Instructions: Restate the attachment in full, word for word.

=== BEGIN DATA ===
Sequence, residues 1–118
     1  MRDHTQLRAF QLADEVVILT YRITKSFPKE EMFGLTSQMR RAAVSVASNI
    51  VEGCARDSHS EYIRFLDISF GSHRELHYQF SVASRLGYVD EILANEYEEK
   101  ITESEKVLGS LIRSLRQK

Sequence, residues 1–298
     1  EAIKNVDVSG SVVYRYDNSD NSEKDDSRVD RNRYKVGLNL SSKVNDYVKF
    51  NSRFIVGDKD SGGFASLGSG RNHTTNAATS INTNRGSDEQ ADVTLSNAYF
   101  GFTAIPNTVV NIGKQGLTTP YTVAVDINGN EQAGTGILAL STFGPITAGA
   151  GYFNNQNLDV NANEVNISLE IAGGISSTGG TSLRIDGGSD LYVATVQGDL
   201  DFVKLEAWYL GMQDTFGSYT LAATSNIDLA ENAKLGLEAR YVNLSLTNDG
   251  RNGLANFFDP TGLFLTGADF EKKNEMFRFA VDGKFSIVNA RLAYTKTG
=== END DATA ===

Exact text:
Sequence, residues 1–118
     1  MRDHTQLRAF QLADEVVILT YRITKSFPKE EMFGLTSQMR RAAVSVASNI
    51  VEGCARDSHS EYIRFLDISF GSHRELHYQF SVASRLGYVD EILANEYEEK
   101  ITESEKVLGS LIRSLRQK

Sequence, residues 1–298
     1  EAIKNVDVSG SVVYRYDNSD NSEKDDSRVD RNRYKVGLNL SSKVNDYVKF
    51  NSRFIVGDKD SGGFASLGSG RNHTTNAATS INTNRGSDEQ ADVTLSNAYF
   101  GFTAIPNTVV NIGKQGLTTP YTVAVDINGN EQAGTGILAL STFGPITAGA
   151  GYFNNQNLDV NANEVNISLE IAGGISSTGG TSLRIDGGSD LYVATVQGDL
   201  DFVKLEAWYL GMQDTFGSYT LAATSNIDLA ENAKLGLEAR YVNLSLTNDG
   251  RNGLANFFDP TGLFLTGADF EKKNEMFRFA VDGKFSIVNA RLAYTKTG